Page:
Last Updated: Tuesday, 02 September 2014, 13:52 GMT

Dominican Republic must stop forcible deportation of Haitians

Publisher Amnesty International
Publication Date 7 January 2011
Cite as Amnesty International, Dominican Republic must stop forcible deportation of Haitians, 7 January 2011, available at: http://www.refworld.org/docid/4d2c154014.html [accessed 2 September 2014]
DisclaimerThis is not a UNHCR publication. UNHCR is not responsible for, nor does it necessarily endorse, its content. Any views expressed are solely those of the author or publisher and do not necessarily reflect those of UNHCR, the United Nations or its Member States.

Amnesty International today urged authorities in the Dominican Republic to immediately halt the mass deportation of Haitian migrants amid claims by the authorities that the move is necessary to prevent the spread of cholera.

Over 950 Haitians - many of them living in the Dominican Republic without documentation - have been deported to Haiti in the past week, according to statements by the local Migration Ministry.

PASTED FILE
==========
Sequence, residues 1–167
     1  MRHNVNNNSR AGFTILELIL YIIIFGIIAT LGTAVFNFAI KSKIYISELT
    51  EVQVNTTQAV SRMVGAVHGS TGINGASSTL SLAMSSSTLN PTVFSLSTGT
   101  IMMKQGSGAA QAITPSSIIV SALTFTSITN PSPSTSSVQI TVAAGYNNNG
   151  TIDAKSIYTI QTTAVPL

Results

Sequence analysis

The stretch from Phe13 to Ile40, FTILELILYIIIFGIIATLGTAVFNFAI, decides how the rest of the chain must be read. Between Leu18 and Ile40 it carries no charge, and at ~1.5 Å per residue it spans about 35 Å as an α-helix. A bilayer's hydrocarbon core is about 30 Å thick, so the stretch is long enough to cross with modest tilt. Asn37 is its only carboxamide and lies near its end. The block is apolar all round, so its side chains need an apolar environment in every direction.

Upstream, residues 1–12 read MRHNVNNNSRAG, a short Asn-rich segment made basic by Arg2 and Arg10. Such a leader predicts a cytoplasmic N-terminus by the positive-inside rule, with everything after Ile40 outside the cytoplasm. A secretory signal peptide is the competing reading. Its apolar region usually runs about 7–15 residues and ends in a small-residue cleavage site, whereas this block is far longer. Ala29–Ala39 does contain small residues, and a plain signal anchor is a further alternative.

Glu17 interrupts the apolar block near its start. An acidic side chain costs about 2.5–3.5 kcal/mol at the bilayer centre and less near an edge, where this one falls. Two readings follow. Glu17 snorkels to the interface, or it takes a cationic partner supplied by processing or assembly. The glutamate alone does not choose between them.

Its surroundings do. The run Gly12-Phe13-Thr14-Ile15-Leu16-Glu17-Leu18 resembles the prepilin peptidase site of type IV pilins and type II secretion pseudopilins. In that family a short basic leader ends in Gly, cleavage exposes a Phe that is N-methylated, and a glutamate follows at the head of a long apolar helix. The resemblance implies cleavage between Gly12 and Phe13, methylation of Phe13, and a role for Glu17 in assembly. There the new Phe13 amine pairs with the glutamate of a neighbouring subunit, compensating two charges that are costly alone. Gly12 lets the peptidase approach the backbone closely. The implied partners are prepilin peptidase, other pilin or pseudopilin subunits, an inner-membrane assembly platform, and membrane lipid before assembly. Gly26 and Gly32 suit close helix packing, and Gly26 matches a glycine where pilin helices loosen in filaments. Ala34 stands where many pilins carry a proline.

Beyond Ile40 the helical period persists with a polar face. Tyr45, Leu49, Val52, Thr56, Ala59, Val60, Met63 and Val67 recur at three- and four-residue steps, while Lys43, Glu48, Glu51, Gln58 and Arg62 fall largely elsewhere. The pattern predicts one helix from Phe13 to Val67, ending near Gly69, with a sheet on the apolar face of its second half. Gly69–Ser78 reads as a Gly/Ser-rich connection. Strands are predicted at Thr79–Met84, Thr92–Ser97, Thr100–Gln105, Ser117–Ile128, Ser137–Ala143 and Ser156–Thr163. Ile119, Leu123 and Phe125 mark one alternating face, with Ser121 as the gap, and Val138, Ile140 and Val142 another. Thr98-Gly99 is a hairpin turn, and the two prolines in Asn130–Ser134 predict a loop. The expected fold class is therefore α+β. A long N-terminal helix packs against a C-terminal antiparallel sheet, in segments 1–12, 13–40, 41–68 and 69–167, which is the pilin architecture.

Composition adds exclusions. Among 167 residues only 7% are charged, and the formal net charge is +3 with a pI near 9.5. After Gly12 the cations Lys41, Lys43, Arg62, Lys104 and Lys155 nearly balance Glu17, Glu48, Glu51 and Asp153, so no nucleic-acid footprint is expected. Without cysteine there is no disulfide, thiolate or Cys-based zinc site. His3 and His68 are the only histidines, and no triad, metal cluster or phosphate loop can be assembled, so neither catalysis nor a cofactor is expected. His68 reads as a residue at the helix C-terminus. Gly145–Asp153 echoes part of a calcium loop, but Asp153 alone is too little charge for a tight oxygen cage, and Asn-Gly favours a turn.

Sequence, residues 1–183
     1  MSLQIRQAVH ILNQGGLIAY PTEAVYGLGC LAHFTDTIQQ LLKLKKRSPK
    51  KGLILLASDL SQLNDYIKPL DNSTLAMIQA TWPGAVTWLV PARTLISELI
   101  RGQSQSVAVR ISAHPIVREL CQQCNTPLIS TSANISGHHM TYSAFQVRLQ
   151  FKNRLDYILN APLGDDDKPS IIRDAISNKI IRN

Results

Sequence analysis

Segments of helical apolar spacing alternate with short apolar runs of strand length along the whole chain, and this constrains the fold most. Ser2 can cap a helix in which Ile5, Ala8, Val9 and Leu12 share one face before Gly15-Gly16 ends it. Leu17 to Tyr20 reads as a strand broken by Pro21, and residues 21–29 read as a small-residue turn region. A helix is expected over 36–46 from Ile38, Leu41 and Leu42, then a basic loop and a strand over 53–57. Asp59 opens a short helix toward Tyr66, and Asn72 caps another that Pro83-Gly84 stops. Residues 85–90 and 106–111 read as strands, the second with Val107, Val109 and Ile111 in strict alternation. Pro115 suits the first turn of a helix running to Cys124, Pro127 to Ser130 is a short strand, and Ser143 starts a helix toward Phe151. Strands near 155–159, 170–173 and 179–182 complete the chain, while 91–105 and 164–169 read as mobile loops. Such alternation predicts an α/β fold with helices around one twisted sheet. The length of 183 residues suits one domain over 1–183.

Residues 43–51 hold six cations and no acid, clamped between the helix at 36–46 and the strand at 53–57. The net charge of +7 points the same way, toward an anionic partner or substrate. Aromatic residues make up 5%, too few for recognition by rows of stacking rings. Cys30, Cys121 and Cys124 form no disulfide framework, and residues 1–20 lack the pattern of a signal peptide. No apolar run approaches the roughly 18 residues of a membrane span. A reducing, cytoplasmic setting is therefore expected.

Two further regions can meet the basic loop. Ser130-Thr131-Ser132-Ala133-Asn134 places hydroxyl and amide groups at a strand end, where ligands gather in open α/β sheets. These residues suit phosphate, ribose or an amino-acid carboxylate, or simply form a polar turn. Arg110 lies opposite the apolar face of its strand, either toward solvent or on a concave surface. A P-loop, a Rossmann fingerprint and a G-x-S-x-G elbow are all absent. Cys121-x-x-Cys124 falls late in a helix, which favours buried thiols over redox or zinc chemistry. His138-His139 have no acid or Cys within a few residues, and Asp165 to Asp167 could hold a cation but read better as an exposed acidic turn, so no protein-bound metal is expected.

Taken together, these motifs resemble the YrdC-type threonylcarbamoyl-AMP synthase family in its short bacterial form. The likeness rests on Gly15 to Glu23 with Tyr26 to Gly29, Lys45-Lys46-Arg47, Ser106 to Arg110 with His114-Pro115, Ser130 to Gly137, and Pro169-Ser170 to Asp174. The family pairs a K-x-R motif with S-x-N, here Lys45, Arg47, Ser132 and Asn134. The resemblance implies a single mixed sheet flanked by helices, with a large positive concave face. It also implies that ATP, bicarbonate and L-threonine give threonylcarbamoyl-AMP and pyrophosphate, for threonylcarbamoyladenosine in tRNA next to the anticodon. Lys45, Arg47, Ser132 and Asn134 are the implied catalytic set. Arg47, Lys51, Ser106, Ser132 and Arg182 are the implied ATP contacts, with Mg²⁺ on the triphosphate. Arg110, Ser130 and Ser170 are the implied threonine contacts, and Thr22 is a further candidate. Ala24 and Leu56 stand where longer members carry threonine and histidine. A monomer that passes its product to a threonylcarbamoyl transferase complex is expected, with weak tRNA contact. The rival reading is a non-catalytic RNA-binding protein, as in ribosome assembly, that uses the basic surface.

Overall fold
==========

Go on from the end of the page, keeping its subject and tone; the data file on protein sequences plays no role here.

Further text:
"Haiti is still recovering from a devastating natural disaster. Instead of forcing people back to a desperate situation, the Dominican Republic and other countries should be stepping up their efforts to help Haiti and its people," said Javier Zuñiga, Senior Advisor at Amnesty International.

The immigration status of many Haitians in the Dominican Republic is still unclear.

"No one should be deported without individual determination of their immigration status, and any Haitian suspected of cholera should be given adequate medical treatment not be deported," said Javier Zuñiga.

"Returning people is condemning them to a situation where their health and security would be at great risk."

After an earthquake struck the impoverished country last January, the Dominican Republic agreed to admit hundreds of Haitian nationals on humanitarian grounds.

But authorities now claim that deportations are crucial to prevent the spread of cholera. A recent outbreak of the disease has already killed 3,500 people in Haiti. Around 150 cases have been reported in the Dominican Republic.

According to the United Nations, around 600,000 Haitians lived in the Dominican Republic without documents before the earthquake.

Amnesty International yesterday raised concerns regarding the situation of women and girls living in makeshift camps across Haiti and warned of the widespread sexual abuse they suffer.

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